The ALO Island is a USB-powered digital audio converter/headphone amplifier, and it's a honey! Functionally, it's not so different than many of the other USB digital converter/amps I've covered on this blog, but it's a bit bigger. The others are about the size of a thumbdrive; the Island is a 1.25x1.25x3.25-inch aluminum "brick," but it's still small enough to be considered a portable device. It handles low- and high-resolution files, up to 192kHz/24-bit. The Island sells for $299 in the US direct from the ALO Web site, … Read more
These days, the smartphone sector revolves around the competition among Apple, Google, and Microsoft. Those three companies wrested power from the likes of Motorola, Nokia, and BlackBerry (then RIM) -- but there was also another group sidelined in the rise of the smartphone, even as its members profited immensely from the uprising: mobile operators.
Especially in the US, carriers still serve as a vital gateway to phone purchases; their stores are the most popular way that consumers buy smartphones. And how they stock, price, and merchandise new smartphones can make a big difference in how well those phones do.
Once … Read more
The introduction of "Login and Pay with Amazon" on October 8 was a signal that Amazon is getting serious about digital payments at a time when other tech titans, such as Google, Apple, and Facebook, have the potential to become the go-to digital wallet for consumers.
Amazon, however, may be in the best position to take on PayPal. The company offers the unique combination of a large registered customer base, hefty resources at its disposal, and an uncanny willingness to play the long game. … Read more
Shoppers, rejoice: Next time you're browsing the iPad edition of Wired magazine, you'll be able to buy even more impulsively than before.
The mag is rolling out a feature from MasterCard that lets you instantly purchase products in articles or ads without leaving the page on your tablet.
Leaked from today's 404 episode:
- J.J. Abrams apologizes for overusing lens flares in his movies.
- Digital motion sickness will be the occupational disease of the 21st century.
- Architect programmers complete the first 3D-printed room.
- The world's craziest toothbrush cleans your teeth in 6 seconds and is 3D-printed.
MasterCard, Visa, and American Express have teamed up to create a new digital payment technology.
The companies say that their proposed standard would increase the security of payments via Web sites and mobile products by using a digital "token." Armed with a token, consumers wouldn't need to input account numbers for purchases.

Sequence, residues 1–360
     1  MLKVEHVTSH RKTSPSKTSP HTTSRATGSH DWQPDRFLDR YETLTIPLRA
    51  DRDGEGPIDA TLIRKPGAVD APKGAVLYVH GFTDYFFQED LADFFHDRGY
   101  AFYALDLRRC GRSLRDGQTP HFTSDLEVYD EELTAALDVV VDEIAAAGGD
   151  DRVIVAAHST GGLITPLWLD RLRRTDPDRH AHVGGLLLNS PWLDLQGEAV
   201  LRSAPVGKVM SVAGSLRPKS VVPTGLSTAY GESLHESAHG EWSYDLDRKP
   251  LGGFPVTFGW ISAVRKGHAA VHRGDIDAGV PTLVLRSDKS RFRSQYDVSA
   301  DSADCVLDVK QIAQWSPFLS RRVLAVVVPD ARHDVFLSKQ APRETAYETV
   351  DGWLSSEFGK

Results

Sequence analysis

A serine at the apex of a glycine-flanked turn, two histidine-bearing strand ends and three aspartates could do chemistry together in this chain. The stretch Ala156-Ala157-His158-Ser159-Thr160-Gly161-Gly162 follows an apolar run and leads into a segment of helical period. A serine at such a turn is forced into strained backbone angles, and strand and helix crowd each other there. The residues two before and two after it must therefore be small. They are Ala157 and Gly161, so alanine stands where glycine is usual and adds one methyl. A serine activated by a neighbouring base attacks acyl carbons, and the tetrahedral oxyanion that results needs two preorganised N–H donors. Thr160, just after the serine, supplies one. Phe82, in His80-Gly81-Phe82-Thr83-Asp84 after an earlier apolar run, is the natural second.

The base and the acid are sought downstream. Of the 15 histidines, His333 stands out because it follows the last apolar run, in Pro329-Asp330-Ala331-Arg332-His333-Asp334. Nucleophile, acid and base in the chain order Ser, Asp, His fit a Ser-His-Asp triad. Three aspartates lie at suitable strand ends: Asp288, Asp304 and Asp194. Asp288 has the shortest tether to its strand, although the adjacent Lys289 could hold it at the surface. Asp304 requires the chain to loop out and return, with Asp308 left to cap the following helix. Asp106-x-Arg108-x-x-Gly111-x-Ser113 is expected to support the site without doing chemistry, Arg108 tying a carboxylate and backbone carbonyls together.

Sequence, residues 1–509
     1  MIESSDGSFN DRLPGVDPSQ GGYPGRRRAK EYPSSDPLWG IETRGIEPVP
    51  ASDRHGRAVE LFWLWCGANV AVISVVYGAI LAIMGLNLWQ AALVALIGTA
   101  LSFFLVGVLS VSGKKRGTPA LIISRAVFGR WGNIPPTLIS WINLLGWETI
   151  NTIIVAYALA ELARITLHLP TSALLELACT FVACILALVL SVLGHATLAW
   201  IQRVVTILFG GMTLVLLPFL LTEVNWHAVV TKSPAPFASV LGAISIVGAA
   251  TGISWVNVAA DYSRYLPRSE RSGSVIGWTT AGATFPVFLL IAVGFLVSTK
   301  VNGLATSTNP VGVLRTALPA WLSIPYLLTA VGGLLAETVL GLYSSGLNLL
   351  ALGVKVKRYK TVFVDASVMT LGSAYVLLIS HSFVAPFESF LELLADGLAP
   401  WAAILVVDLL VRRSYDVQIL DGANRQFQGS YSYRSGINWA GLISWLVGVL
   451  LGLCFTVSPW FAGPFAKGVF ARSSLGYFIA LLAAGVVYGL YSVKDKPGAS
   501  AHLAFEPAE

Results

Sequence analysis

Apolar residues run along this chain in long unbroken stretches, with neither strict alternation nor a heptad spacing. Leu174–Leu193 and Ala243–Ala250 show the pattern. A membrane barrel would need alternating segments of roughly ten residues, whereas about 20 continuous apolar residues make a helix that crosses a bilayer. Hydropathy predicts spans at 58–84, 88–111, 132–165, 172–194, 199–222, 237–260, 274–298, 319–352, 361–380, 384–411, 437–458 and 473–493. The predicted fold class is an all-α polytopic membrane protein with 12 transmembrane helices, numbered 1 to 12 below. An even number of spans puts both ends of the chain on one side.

So far, the companies haven't decided on a token standard, but they expect the industry to accept one before they move forward. From there, upon attempting to purchase a product on the Web or via mobile devices, a customer would be asked to provide … Read more
Can't find anything to watch on Netflix, Amazon Instant Video, Hulu, or any other online-streaming service? Well, now there's one more place to check.
Target on Thursday launched its new digital video service, Target Ticket, which lets people buy or rent movies and television shows. Target said more than 30,000 titles are available for between $1 and $37, including new film releases, next-day TV shows, and exclusive Target content like behind-the-scenes extras.
It's free to sign up for the service and there's no subscription fee. Users can also set up multiple profiles, which means multiple … Read more
As the world becomes more digitized, smartphones, smart watches, and smart cars have begun to hit the market -- and smart guns are no exception.
High-tech weapons, gun-centric apps, and tech-infused optical shooting scopes are popping up not only at hunting and gun shows but also at consumer-focused electronics shows. Earlier this year, one of the world's most high-tech long-range shooting rifles, Tracking Point's XS1, went on sale. And it has competition.
While many of these firearms and apps are geared toward perfecting a shot or feeding the shooter ballistics information, some new inventions are focused on making … Read more
Pinterest is introducing a new look for articles that users share on the Web site, the company announced Tuesday in a blog post.
When a user posts an article, it will now include more information, such as the story's headline, author, description, and a link back to the original post. Users also can save a story to read later, create different boards to categorize stories by topic, and follow specific writers -- like the Washington Post's Tim Devaney -- to see more of that author's work in their Pinterest feeds.
Pinterest said the extra article information will … Read more